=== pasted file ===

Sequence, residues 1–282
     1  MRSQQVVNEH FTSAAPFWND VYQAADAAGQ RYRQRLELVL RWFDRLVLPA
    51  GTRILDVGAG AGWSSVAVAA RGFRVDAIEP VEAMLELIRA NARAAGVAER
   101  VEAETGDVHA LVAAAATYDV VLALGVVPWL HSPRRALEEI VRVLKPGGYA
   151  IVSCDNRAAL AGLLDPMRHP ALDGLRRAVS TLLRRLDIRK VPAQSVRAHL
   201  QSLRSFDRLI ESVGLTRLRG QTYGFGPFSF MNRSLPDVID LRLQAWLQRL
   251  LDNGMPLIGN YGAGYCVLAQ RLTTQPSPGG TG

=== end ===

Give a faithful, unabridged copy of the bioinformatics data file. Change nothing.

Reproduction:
Sequence, residues 1–282
     1  MRSQQVVNEH FTSAAPFWND VYQAADAAGQ RYRQRLELVL RWFDRLVLPA
    51  GTRILDVGAG AGWSSVAVAA RGFRVDAIEP VEAMLELIRA NARAAGVAER
   101  VEAETGDVHA LVAAAATYDV VLALGVVPWL HSPRRALEEI VRVLKPGGYA
   151  IVSCDNRAAL AGLLDPMRHP ALDGLRRAVS TLLRRLDIRK VPAQSVRAHL
   201  QSLRSFDRLI ESVGLTRLRG QTYGFGPFSF MNRSLPDVID LRLQAWLQRL
   251  LDNGMPLIGN YGAGYCVLAQ RLTTQPSPGG TG